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Kia, Ford, BMW promise fewest tech frustrations, J.D. Power says

The results come from J.D. Power's Multimedia Quality and Satisfaction Study.

Here's the full rundown of this year's least frustrating cars from a multimedia perspective, as decided by actual owners.
J.D. Power

Last month, J.D. Power revealed a wealth of data regarding how car buyers interact with technology in the vehicle. This month, the marketing company's survey is all about figuring out which automakers provide the fewest tech-related hassles in their new cars.

J.D. Power on Friday released some of the results of its 2018 Multimedia Quality and Satisfaction Study. The survey polls new-car buyers about their experiences with vehicle infotainment (covering entertainment, communication, navigation and audio) over the first 90 days of ownership. The results are ranked using problems experienced per 100 vehicles (PP100), and it assigned winners in different segments.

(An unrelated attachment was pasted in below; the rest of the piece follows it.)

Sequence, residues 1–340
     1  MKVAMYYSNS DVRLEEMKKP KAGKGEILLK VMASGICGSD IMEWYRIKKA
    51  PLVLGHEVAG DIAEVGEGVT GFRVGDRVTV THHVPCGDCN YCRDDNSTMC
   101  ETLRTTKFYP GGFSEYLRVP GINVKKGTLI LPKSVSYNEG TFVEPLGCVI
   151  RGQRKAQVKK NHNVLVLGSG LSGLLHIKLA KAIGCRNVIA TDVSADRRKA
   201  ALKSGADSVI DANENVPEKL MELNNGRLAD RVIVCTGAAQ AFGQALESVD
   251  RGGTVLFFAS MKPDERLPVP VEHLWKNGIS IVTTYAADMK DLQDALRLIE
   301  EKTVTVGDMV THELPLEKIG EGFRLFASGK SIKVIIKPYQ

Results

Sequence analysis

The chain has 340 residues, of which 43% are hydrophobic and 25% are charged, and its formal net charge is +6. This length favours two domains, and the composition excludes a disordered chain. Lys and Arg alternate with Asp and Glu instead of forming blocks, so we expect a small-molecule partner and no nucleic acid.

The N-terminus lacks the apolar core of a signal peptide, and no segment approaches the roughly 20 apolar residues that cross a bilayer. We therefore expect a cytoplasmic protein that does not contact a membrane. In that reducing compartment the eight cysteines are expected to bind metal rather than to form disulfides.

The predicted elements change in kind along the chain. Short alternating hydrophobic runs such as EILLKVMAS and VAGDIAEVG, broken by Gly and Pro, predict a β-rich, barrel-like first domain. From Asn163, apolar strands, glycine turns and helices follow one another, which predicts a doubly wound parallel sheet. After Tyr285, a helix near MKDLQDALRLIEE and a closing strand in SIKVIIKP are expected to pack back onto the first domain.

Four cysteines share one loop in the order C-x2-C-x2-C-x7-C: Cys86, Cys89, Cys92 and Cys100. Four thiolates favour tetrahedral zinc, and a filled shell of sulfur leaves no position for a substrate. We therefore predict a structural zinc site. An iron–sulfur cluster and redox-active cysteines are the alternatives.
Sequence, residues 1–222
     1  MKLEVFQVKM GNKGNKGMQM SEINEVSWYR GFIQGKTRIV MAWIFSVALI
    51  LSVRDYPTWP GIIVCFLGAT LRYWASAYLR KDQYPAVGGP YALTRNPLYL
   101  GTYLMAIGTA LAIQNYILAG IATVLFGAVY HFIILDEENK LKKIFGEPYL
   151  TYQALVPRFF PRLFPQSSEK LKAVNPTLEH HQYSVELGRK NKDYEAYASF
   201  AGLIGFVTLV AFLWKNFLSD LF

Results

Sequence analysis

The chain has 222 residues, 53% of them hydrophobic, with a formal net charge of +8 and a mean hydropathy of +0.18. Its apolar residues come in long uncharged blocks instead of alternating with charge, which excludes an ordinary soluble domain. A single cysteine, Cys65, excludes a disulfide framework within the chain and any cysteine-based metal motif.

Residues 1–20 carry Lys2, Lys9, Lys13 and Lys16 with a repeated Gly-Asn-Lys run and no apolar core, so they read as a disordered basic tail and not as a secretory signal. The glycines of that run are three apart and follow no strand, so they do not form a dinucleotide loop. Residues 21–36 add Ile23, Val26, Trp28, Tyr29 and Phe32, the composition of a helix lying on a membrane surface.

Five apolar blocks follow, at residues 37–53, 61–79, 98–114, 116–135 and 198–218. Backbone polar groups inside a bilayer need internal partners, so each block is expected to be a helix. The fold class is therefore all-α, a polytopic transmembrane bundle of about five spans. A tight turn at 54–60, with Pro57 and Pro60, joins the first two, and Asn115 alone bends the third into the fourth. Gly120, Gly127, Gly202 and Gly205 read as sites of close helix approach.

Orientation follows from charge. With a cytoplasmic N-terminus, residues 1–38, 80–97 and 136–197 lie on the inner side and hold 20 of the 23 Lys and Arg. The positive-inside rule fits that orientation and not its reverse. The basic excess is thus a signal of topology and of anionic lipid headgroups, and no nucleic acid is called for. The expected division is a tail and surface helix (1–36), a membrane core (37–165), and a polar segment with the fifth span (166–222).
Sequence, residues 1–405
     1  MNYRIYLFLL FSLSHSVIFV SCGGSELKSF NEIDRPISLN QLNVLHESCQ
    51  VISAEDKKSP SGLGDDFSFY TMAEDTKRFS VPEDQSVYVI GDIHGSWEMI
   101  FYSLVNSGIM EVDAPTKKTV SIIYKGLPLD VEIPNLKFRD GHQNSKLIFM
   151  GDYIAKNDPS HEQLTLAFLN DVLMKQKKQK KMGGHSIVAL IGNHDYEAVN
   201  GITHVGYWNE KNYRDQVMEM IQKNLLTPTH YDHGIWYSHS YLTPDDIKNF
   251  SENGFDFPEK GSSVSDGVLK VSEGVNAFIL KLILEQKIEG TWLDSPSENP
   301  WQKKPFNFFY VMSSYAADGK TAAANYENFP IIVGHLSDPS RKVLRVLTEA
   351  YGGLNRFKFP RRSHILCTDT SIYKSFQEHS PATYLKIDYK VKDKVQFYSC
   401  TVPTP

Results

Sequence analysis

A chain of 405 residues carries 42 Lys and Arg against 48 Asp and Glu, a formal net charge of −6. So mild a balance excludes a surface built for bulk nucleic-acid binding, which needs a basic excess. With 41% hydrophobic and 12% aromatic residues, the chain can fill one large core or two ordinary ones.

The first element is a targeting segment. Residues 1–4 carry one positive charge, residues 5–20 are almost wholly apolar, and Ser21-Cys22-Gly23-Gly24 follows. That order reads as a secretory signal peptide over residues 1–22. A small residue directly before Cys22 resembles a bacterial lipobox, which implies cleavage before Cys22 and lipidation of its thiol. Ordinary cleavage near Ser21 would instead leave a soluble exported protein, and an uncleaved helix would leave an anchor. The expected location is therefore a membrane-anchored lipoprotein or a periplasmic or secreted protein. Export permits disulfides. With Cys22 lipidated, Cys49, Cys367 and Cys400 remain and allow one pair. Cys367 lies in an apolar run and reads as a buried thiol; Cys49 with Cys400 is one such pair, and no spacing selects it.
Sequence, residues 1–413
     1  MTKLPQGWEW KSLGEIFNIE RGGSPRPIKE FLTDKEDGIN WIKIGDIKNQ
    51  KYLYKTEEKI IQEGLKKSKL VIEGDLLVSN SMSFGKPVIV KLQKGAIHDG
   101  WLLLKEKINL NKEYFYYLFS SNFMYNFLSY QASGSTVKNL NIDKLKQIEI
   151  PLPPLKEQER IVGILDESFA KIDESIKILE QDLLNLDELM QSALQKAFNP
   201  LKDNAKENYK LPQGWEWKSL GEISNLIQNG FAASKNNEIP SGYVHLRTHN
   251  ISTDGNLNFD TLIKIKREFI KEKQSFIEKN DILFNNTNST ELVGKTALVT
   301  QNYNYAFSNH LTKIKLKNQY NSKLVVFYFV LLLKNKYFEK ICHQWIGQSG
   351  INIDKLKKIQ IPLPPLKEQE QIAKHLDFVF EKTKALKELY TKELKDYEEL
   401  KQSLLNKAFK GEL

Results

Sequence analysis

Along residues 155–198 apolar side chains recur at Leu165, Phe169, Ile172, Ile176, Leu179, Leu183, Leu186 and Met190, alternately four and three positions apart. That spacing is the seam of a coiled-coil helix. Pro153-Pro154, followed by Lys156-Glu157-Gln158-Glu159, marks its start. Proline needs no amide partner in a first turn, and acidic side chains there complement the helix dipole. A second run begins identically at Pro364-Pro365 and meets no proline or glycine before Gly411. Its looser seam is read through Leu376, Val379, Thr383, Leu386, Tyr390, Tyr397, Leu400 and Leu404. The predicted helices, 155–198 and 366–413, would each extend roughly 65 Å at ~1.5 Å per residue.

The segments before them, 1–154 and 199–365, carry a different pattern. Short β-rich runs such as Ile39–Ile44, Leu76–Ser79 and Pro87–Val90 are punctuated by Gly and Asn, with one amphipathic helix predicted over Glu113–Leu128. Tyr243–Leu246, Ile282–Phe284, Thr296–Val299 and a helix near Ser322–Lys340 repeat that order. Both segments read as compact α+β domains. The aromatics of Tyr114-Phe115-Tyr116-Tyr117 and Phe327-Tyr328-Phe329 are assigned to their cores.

The Kia Rio, Kia Forte, Ford Mustang and Ford Taurus took home top honors in the four mass-market segments (small, compact, midsize and large, respectively). On the premium side, the winners were the BMW 2 Series, Porsche 718, Lincoln Continental and BMW 7 Series. The Ford Mustang had the lowest and best score of any vehicle on the list, with just 7.3 problems per 100 vehicles, followed by the Lincoln Continental.

"While the area is still the leading cause of new-vehicle complaints -- with voice-recognition technology continuing to lead the way as the No. 1 complaint for a sixth consecutive year -- we are seeing some serious improvement across the board, with some manufacturers really raising the bar on delivering quality multimedia technology experiences for their customers," said Brent Gruber, J.D. Power's senior director of automotive quality practice, in a statement.

J.D. Power didn't get into much more detail than that -- it sells its full Vehicle Quality Survey, from which this data was derived, to automakers and other groups for big bucks. But it at least paints a small picture of how new-car buyers are jibing with technology in their vehicles, which might be different from how cars are perceived by nonowners. 

The Detroit Free Press talked to an analyst at Kelley Blue Book, who pointed out that consumers tend to assume luxury brands have the best tech, but J.D. Power's poll proves that isn't necessarily the case.